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Currently I am Professor of Christian History and Spirituality at Ambrose University College, government accredited Christian liberal arts university college in Calgary, Alberta. I am also Visiting Professor of Spirituality at Tyndale Seminary in Toronto, Ontario.  As well as having been Scholar-in- Residence at Oxford University in England, Tantur Ecumenical Institute, Jerusalem and Tamilnadu Theological Seminary, Madurai, South India, I have also taught numerous courses in selected aspects of Christian spirituality at graduate schools and seminaries in both Canada and the United States: (Regent College, Vancouver BC; Canadian Theological Seminary, Calgary AB; McMaster Divinity College; Hamilton ON; Wycliffe College, Toronto ON; Ashland Theological Seminary, Ashland OH; Asbury Theological Seminary, Wilmore KY; Trinity Seminary, Ambridge PA; Regent University, Virginia Beach VA; Bethel Theological Seminary, San Diego CA). Presently, I serve on the Faculty of the Pecos Benedictine School for Spiritual Direction near Santa Fe, New Mexico.
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I received my Ph.D. in Early Modern European/Reformation History from the University of Waterloo (1985).  For almost three decades, my teaching, research, writing and ecumenical retreat ministry has focused on the historical and practical dimensions of spiritual renewal. Ironically my surname ‘Nienkirchen’ translates as ‘new church’ providing a certain genealogical confirmation for my vocation. Additionally, numerous educational travel ventures, research, teaching and a variety of other professional commitments have taken me across North America, to Central America, the British Isles, Europe, the Middle East, Asia, and Africa, giving me an extensive exposure to Christianity’s capacity to incarnate itself in a broad spectrum of host cultures. .................................................................................... globe0008.gif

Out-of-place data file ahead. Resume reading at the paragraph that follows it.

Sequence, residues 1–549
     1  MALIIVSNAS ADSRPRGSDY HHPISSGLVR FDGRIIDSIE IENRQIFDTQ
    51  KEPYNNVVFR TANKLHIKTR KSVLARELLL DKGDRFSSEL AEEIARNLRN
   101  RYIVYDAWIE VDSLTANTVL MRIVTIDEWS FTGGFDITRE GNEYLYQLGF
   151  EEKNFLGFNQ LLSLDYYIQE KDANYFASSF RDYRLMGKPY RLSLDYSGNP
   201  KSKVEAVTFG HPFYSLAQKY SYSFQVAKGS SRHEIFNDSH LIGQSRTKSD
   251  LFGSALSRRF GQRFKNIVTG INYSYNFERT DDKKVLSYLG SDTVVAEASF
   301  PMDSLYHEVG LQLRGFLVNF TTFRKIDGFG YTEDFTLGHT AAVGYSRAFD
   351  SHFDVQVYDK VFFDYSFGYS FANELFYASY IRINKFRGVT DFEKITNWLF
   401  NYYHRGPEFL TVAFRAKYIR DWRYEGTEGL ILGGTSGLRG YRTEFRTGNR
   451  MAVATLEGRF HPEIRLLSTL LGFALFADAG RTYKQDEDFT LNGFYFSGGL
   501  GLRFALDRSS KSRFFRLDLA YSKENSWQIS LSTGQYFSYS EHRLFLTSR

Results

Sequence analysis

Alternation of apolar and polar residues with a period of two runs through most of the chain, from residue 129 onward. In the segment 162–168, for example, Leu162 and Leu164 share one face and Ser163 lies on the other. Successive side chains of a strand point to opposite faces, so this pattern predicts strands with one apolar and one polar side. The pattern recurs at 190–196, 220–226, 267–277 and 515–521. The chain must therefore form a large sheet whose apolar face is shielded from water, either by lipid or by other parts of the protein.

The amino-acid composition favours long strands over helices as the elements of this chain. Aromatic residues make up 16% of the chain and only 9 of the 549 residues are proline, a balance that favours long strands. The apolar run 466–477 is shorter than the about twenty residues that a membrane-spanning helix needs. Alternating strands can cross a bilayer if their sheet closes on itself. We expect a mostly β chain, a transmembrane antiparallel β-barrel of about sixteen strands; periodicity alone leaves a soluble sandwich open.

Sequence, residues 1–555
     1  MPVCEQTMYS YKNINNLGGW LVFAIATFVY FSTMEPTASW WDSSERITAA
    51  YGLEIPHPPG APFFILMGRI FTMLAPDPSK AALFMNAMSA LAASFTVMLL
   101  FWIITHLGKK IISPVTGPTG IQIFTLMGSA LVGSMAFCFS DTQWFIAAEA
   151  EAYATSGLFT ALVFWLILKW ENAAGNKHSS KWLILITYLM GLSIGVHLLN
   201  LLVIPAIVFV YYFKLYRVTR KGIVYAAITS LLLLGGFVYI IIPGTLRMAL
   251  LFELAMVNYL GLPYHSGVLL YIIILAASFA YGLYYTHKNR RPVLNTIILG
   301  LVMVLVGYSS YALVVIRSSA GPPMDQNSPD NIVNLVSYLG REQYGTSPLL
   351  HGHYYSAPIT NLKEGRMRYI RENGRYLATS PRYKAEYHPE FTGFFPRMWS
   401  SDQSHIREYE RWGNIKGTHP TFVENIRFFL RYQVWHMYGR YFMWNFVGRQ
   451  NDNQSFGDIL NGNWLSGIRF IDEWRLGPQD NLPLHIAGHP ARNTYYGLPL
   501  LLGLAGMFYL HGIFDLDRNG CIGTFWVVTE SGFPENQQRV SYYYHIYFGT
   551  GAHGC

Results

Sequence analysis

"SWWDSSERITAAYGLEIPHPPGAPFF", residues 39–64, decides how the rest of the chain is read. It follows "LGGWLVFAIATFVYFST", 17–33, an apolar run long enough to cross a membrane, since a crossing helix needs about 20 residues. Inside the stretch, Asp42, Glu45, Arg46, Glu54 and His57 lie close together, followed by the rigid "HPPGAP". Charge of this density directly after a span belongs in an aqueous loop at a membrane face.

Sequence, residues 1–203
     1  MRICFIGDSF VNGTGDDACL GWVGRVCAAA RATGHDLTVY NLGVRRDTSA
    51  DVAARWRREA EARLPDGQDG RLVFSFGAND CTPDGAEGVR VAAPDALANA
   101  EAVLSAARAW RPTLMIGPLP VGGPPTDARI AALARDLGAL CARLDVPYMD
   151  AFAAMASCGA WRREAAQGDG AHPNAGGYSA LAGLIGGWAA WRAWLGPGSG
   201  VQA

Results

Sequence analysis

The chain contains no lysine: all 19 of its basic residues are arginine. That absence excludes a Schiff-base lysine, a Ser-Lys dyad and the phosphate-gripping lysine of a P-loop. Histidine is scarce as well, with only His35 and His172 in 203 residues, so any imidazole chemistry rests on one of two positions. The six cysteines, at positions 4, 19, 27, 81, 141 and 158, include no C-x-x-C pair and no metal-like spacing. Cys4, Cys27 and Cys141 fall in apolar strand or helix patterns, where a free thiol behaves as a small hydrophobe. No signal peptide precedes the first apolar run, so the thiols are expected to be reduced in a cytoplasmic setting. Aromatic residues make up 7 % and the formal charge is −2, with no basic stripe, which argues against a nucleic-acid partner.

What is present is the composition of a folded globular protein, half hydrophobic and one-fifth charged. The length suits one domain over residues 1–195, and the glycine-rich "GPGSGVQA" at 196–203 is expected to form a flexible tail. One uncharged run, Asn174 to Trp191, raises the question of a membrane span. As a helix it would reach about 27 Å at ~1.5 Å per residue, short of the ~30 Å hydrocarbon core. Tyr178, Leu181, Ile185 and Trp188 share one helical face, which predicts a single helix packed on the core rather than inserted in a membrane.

My ancestors were Lutherans who in the late 19th century emigrated from Mecklenberg, Germany to Canada where they became Methodists.  My theological orientation could be appropriately described as ‘conservative Protestant’.  Nevertheless, it is my conviction that the fulness of Christ is expressed in the rich and colourful global tapestry of Christian truth woven by the major ancient and modern, eastern, western, and southern streams of Christianity.  This appreciation of ‘Christ’s fulness’ mirrored in the ‘fulness of the church’, however, does not in my mind diminish the importance of the distinctive doctrinal, liturgical and ethical contributions made by each of these respective traditions.  I resonate with the convergent tenets of ‘The Chicago Call’ composed by a group of conservative Protestants in 1977 and the summons contained within that document for Christians of diverse and admittedly sometimes conflicting heritages to dialogue, worship and pray together as well as learn from each other. Such is the ‘communion of saints’
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My personal spiritual journey (and I have been a pilgrim in the church) has been undeniably ‘multi-culturalized’ in a religious sense and immeasurably enriched by both life empowering formational experiences in Eastern Orthodox, Roman Catholic, Anglican and numerous Protestant and Pentecostal/Charismatic contexts and participation in inter-faith dialogue with Muslims and Jews. Cultivating and maintaining a global, ecumenical perspective on Christian trends and issues has been a longstanding personal priority. In many respects, the ‘Down Ancient Paths’ travel study program grew out of and seeks to reflect and promote the above stated values and perspectives. 

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